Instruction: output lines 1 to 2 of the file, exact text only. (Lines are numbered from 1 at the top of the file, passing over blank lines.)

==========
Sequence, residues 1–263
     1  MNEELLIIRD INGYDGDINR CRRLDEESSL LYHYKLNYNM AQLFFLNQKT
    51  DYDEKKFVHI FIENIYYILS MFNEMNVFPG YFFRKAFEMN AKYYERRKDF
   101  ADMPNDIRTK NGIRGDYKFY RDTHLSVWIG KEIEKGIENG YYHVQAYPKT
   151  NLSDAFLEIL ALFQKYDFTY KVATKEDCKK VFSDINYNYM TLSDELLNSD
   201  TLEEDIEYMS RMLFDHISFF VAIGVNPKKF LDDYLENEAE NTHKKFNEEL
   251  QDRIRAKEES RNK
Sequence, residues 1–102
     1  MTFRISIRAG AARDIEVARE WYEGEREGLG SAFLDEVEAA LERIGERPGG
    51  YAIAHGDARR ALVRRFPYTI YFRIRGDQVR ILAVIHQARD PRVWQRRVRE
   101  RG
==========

Sequence, residues 1–263
     1  MNEELLIIRD INGYDGDINR CRRLDEESSL LYHYKLNYNM AQLFFLNQKT